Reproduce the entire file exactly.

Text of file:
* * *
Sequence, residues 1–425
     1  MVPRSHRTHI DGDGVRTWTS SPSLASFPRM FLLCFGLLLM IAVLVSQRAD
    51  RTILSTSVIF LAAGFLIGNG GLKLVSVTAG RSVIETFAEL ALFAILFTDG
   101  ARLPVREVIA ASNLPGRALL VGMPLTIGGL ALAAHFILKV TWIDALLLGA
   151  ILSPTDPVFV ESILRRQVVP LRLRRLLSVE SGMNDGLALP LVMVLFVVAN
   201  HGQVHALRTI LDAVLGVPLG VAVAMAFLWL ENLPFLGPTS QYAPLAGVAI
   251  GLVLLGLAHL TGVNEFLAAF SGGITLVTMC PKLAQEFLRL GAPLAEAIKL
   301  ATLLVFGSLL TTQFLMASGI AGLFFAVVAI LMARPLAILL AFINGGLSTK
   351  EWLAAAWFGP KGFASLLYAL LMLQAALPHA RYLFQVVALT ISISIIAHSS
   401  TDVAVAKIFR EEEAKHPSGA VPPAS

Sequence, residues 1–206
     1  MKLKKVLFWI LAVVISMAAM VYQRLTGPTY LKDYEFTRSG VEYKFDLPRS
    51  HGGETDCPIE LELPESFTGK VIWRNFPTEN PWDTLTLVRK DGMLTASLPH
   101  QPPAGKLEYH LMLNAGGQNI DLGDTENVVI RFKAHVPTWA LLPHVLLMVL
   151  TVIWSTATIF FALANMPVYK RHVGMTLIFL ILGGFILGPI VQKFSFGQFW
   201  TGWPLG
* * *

Sequence, residues 1–425
     1  MVPRSHRTHI DGDGVRTWTS SPSLASFPRM FLLCFGLLLM IAVLVSQRAD
    51  RTILSTSVIF LAAGFLIGNG GLKLVSVTAG RSVIETFAEL ALFAILFTDG
   101  ARLPVREVIA ASNLPGRALL VGMPLTIGGL ALAAHFILKV TWIDALLLGA
   151  ILSPTDPVFV ESILRRQVVP LRLRRLLSVE SGMNDGLALP LVMVLFVVAN
   201  HGQVHALRTI LDAVLGVPLG VAVAMAFLWL ENLPFLGPTS QYAPLAGVAI
   251  GLVLLGLAHL TGVNEFLAAF SGGITLVTMC PKLAQEFLRL GAPLAEAIKL
   301  ATLLVFGSLL TTQFLMASGI AGLFFAVVAI LMARPLAILL AFINGGLSTK
   351  EWLAAAWFGP KGFASLLYAL LMLQAALPHA RYLFQVVALT ISISIIAHSS
   401  TDVAVAKIFR EEEAKHPSGA VPPAS

Sequence, residues 1–206
     1  MKLKKVLFWI LAVVISMAAM VYQRLTGPTY LKDYEFTRSG VEYKFDLPRS
    51  HGGETDCPIE LELPESFTGK VIWRNFPTEN PWDTLTLVRK DGMLTASLPH
   101  QPPAGKLEYH LMLNAGGQNI DLGDTENVVI RFKAHVPTWA LLPHVLLMVL
   151  TVIWSTATIF FALANMPVYK RHVGMTLIFL ILGGFILGPI VQKFSFGQFW
   201  TGWPLG